From Hans Christian Andersen to Angela Carter’s Bloody Chamber, Marina Warner picks her favourite fairytales

• Why we need fairytales: Jeanette Winterson on Oscar Wilde
• Read more from the top 10 books series

C onsolatory fantasies or wise counsel? Materialist lies or emancipatory dreams? Popular trash or the fundamental structure of imaginative literature? Fairytales still provoke vigorous argument. Advocates point to the way they ignite the imagination and spark hopes of liberty. Detractors attack their suspect artistic quality and their damaging social and moral effects. Both take up their positions on ethical grounds, because fairytales continue to dominate family entertainment in books and other media. They matter because young minds and the shaping of values are at stake. Yet what they mean and what effects they have remain open questions.

The most lingering and powerful tales don’t always have an original written text, but shapeshift through time, bobbing about on the streams of story. I’ve tried to choose 10 of the most inspiring, and include some of the great collectors; but as in any exercise of this kind, there are so many that I have had to leave out.

Amongst the one hundred folktales are such familiar tales as The Three Billy-Goats Gruff, Haensel and Gretel, Sleeping Beuaty, and some perhaps not so familiar, The Magic Bird, The Goose Girl, and The Pancake.

If you can buy only one fairytale book a year, buy this. Why? Because the chooser knows more about the folktales of all countries than anyone else in the world, and the choice is the flower of the flock." —New York Times Book Review

Just relax and enjoy these delightful tales from all over the world—or better yet, read them aloud to some of your favorite children." —Quartet

Uploaded by [email protected] on March 17, 2010

From Hans Christian Andersen to Angela Carter’s Bloody Chamber, Marina Warner picks her favourite fairytales

• Why we need fairytales: Jeanette Winterson on Oscar Wilde
• Read more from the top 10 books series

C onsolatory fantasies or wise counsel? Materialist lies or emancipatory dreams? Popular trash or the fundamental structure of imaginative literature? Fairytales still provoke vigorous argument. Advocates point to the way they ignite the imagination and spark hopes of liberty. Detractors attack their suspect artistic quality and their damaging social and moral effects. Both take up their positions on ethical grounds, because fairytales continue to dominate family entertainment in books and other media. They matter because young minds and the shaping of values are at stake. Yet what they mean and what effects they have remain open questions.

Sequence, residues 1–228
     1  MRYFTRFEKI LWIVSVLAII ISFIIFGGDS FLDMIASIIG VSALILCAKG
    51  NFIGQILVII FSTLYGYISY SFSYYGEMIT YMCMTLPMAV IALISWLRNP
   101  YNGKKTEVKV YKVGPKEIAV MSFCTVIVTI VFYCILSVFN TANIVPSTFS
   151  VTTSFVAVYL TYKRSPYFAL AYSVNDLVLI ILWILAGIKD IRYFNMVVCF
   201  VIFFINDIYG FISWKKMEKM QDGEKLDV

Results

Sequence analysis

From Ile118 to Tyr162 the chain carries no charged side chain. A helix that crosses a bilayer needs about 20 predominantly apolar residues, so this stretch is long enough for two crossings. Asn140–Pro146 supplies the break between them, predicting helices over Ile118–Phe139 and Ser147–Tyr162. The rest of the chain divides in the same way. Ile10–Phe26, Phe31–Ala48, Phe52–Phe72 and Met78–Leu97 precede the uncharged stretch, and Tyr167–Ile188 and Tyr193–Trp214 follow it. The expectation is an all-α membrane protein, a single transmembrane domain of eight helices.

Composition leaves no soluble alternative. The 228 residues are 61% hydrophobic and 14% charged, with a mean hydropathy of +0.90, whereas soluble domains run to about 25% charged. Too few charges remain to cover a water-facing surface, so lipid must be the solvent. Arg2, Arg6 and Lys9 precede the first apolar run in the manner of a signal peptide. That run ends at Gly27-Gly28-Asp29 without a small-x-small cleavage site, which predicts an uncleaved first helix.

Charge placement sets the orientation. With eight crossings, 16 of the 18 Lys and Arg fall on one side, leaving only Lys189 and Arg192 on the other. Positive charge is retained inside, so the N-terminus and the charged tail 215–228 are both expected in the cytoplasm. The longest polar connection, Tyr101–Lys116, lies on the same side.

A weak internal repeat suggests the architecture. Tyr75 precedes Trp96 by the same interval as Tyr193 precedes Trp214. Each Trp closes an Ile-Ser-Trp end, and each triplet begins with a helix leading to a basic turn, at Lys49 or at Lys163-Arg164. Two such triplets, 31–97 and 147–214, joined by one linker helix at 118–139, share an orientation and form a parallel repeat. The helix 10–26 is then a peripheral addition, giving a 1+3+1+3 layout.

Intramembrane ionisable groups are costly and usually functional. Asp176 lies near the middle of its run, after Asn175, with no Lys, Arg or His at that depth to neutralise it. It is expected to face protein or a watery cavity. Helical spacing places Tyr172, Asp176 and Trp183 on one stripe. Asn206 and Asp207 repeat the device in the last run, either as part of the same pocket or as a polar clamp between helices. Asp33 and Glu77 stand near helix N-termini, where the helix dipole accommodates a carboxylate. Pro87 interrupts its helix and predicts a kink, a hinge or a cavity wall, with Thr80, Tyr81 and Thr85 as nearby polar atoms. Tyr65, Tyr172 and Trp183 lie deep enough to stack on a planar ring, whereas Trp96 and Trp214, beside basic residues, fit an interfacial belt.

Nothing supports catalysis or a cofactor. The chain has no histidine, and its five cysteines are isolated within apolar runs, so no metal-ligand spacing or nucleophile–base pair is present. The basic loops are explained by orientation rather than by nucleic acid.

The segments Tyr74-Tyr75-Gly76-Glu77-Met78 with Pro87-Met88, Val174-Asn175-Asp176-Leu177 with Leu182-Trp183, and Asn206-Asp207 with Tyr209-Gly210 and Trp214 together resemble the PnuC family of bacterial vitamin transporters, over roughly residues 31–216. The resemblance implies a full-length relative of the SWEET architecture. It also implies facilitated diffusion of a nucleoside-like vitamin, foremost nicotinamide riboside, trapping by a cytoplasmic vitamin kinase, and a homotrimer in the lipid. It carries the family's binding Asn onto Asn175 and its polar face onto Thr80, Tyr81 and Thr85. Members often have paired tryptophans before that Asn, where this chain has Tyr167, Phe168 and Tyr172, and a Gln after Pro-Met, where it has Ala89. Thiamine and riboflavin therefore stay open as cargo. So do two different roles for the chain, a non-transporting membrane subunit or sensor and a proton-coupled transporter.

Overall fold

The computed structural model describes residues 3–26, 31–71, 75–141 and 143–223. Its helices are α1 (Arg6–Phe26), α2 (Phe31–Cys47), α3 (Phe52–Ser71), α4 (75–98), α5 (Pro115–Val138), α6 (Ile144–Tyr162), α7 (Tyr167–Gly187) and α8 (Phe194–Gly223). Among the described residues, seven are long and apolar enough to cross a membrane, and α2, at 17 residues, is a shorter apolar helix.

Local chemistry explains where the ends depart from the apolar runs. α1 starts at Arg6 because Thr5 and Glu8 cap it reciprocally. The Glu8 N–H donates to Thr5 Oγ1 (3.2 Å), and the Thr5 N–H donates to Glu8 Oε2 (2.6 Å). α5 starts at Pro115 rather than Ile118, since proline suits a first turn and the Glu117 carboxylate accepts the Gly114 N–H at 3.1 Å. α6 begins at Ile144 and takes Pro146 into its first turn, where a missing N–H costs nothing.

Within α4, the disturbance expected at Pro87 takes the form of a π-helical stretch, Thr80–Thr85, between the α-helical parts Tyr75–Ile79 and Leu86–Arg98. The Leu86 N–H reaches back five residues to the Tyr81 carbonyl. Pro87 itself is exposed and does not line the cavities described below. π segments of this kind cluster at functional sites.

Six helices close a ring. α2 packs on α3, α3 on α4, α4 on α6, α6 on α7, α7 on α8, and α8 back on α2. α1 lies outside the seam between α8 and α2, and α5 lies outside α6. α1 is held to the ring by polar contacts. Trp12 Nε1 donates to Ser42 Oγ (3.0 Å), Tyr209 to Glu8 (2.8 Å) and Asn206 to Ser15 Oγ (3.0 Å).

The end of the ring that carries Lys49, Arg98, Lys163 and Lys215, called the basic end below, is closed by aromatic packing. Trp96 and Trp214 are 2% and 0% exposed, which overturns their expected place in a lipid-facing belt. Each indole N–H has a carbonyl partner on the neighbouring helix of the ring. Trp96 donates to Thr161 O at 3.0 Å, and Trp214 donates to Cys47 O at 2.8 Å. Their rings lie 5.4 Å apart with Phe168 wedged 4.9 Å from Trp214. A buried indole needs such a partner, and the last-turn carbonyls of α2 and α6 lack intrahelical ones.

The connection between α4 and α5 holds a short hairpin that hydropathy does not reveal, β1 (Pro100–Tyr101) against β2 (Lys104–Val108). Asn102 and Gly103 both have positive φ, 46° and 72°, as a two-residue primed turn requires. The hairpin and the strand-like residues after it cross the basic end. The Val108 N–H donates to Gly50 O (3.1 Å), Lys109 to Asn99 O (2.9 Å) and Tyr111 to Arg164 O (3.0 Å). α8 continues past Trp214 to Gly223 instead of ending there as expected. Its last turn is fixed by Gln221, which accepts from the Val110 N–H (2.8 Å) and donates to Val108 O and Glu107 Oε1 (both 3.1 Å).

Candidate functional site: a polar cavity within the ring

The most lingering and powerful tales don’t always have an original written text, but shapeshift through time, bobbing about on the streams of story. I’ve tried to choose 10 of the most inspiring, and include some of the great collectors; but as in any exercise of this kind, there are so many that I have had to leave out.

From Hans Christian Andersen to Angela Carter’s Bloody Chamber, Marina Warner picks her favourite fairytales

• Why we need fairytales: Jeanette Winterson on Oscar Wilde
• Read more from the top 10 books series

C onsolatory fantasies or wise counsel? Materialist lies or emancipatory dreams? Popular trash or the fundamental structure of imaginative literature? Fairytales still provoke vigorous argument. Advocates point to the way they ignite the imagination and spark hopes of liberty. Detractors attack their suspect artistic quality and their damaging social and moral effects. Both take up their positions on ethical grounds, because fairytales continue to dominate family entertainment in books and other media. They matter because young minds and the shaping of values are at stake. Yet what they mean and what effects they have remain open questions.

The most lingering and powerful tales don’t always have an original written text, but shapeshift through time, bobbing about on the streams of story. I’ve tried to choose 10 of the most inspiring, and include some of the great collectors; but as in any exercise of this kind, there are so many that I have had to leave out.

Amongst the one hundred folktales are such familiar tales as The Three Billy-Goats Gruff, Haensel and Gretel, Sleeping Beuaty, and some perhaps not so familiar, The Magic Bird, The Goose Girl, and The Pancake.

If you can buy only one fairytale book a year, buy this. Why? Because the chooser knows more about the folktales of all countries than anyone else in the world, and the choice is the flower of the flock." —New York Times Book Review

Just relax and enjoy these delightful tales from all over the world—or better yet, read them aloud to some of your favorite children." —Quartet

Amazon.com: favorite folk tales: Books


Favorite Folktales from Around the World (The Pantheon.

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